The overarching aim and the real essence of my day-to-day work as a Medical Scientific Liaison (MSL) Manager is to help a) external stakeholders, i.e. all physicians who use our medications to treat patients, and b) internal stakeholders and colleagues within different departments across Bayer to gain practical benefits from scientific research findings. You could say that the role of the MSL Manager is to give advice on the science behind the medication to those working with it – which means no two working days are the same!
One day, I could be at the airport flying to a clinic in Sweden to give a seminar for doctors who have requested to hear the latest results from a clinical study. The next day, I could be at our Head Office training colleagues from the sales and marketing departments. After that, I might be at a cross-functional brand team or regional business team meeting to plan upcoming activities. The fourth day, I could be flying to a national or international congress or training session about my therapy specialism, or attending an advisory board meeting with the most reputable doctors/professors in the relevant field of therapy to gain an insight into a new or existing indication for the medication. My standard working day involves answering requests and queries via email, planning for the weeks ahead, communicating with my manager and colleagues to align our work and keep each other updated, reading the latest abstracts/publications and reporting on my daily activities.
Perceiving our core values in my day-to-day work
At the end of my second post-doctoral year at university, I developed an interest in the field of anticoagulation and knew that Bayer had a fascinating clinical pipeline for their product. I reached out to the MSL Manager and announced that I was eager to join the Swedish Medical Affairs team. Three months later, a position opened and I was invited for an interview. After several interview stages, I was offered the position of MSL Manager. I have enjoyed working there ever since. This is mainly down to being surrounded by highly competent, dedicated and inspiring colleagues in a fantastic collaborative and dynamic environment. But it is also thanks to the fact that I am given the encouragement and support to perform at my best every day. Despite the size of the company, all employees have the opportunity to voice their ideas and opinions and make a difference. Coming from an academic background and thus having worked in a more competitive – rather than collaborative – environment, this was a real breath of fresh air and is something I greatly appreciate.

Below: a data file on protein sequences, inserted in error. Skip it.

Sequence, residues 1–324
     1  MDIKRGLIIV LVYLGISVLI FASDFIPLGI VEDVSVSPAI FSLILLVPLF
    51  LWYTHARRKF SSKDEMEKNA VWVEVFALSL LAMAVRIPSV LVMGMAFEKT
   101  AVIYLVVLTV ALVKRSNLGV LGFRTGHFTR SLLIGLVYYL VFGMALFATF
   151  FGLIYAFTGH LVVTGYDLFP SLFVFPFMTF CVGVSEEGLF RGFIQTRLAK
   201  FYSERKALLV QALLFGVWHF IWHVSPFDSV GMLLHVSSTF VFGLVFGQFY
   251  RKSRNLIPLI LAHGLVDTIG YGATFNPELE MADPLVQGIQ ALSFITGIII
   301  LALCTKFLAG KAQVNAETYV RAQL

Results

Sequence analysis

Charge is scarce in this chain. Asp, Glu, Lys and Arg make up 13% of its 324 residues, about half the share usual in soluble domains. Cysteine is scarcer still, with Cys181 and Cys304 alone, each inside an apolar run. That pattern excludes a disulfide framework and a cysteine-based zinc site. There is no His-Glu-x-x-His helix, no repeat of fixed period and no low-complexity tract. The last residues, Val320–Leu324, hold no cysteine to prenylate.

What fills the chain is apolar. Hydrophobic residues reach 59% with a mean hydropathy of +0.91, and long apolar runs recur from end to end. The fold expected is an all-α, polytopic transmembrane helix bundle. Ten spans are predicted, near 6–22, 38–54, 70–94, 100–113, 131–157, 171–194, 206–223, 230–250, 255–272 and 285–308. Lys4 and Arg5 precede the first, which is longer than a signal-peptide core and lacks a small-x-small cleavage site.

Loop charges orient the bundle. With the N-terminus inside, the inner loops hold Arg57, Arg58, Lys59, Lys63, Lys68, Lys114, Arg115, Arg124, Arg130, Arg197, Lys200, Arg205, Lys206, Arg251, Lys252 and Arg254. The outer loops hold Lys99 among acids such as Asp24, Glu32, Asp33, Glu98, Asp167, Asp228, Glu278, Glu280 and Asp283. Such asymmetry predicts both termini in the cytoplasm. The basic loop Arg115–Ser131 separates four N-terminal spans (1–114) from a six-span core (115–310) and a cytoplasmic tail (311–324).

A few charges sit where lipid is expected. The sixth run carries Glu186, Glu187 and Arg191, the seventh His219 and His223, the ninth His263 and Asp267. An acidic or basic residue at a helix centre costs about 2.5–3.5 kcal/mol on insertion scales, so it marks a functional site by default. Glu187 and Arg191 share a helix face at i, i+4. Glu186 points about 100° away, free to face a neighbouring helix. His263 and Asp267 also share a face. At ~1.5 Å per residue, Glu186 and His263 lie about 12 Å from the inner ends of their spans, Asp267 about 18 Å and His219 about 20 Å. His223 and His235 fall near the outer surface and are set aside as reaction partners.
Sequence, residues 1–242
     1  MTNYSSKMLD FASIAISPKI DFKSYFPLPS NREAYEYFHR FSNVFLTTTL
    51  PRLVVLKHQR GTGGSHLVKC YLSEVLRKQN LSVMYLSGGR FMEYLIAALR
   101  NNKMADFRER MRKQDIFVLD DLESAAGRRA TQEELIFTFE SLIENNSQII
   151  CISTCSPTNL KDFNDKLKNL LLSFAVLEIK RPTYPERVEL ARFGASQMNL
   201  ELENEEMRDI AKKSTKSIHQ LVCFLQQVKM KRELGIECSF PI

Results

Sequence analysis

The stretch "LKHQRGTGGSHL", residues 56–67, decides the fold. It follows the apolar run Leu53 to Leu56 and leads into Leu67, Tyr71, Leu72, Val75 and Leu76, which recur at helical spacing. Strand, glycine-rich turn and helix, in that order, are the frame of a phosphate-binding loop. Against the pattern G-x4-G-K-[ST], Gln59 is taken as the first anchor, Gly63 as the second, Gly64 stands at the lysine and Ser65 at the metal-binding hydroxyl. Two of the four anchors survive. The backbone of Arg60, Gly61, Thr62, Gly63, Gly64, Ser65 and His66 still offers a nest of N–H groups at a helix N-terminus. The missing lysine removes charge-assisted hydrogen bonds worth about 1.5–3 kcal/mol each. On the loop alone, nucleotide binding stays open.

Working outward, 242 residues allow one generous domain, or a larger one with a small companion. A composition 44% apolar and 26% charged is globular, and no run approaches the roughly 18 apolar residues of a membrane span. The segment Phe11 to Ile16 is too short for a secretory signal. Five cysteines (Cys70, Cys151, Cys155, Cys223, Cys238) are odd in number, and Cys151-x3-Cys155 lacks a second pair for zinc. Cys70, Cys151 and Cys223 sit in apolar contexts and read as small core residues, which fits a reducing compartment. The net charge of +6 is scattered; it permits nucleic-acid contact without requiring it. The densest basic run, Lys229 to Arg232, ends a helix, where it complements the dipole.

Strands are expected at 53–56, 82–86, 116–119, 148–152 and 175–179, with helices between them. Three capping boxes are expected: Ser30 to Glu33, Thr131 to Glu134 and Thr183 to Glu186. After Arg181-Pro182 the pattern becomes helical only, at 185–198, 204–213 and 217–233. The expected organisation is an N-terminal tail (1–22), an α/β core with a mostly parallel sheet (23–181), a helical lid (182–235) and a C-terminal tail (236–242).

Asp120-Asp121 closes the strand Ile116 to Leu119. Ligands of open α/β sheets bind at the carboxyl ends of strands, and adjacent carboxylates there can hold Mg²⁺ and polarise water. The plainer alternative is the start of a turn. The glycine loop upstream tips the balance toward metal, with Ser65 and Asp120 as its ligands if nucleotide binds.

Another great aspect is the importance attached to achieving a good work-life balance. Trying to juggle a career and a family with two children can certainly be challenging. Unlike in academia, however, where endless nights and weekends are spent at the lab, at Bayer it is the manager’s responsibility to address this issue and make sure employees maintain a good work-life balance. This, on top of the competitive salary and all other employee benefits at Bayer, makes the company a very attractive place to work. The key behaviours we have are: Collaboration, Experimentation, Trust and Customer Focus. I see how these values enable me to progress within the company on a daily basis.
It’s never too late to transition into industry with a PhD
I am sometimes invited to give talks and seminars to PhD students and postdoctoral researchers in Stockholm about opportunities in the industry. Together with our Communications and HR departments, we participate at career events at Universities and hold activities for researchers. There are many highly competent academics who feel that their skills are outdated or that their chances of securing a position at a university or company are slim. Unfortunately, there is also a misconception that if you don’t make it in academia and become a professor, then you have failed. In reality, less than one percent of PhD students become professors, which leaves many of them spending several years getting short-term contracts in the hope of securing a stable academic tenure before being ultimately rejected. It is never too late to transition into an industrial role if you have a PhD. Bayer is great in the sense that we also promote collaboration with universities and continued independent scientific publishing. It’s the best of both worlds. Our future projects will focus on gene and cellular disruptive therapy technologies. Curing patients rather than just treating them. It doesn’t get much more cutting-edge than that.
My advice would be to reach out to a person at Bayer – most preferably to Bayer’s local HR office or a manager within the area or department you are interested in. I have every confidence that this will prove to be a life-changing experience in both professional and personal terms for many of you. From my own experience, I can promise that you will never look back.
This post is also available in: German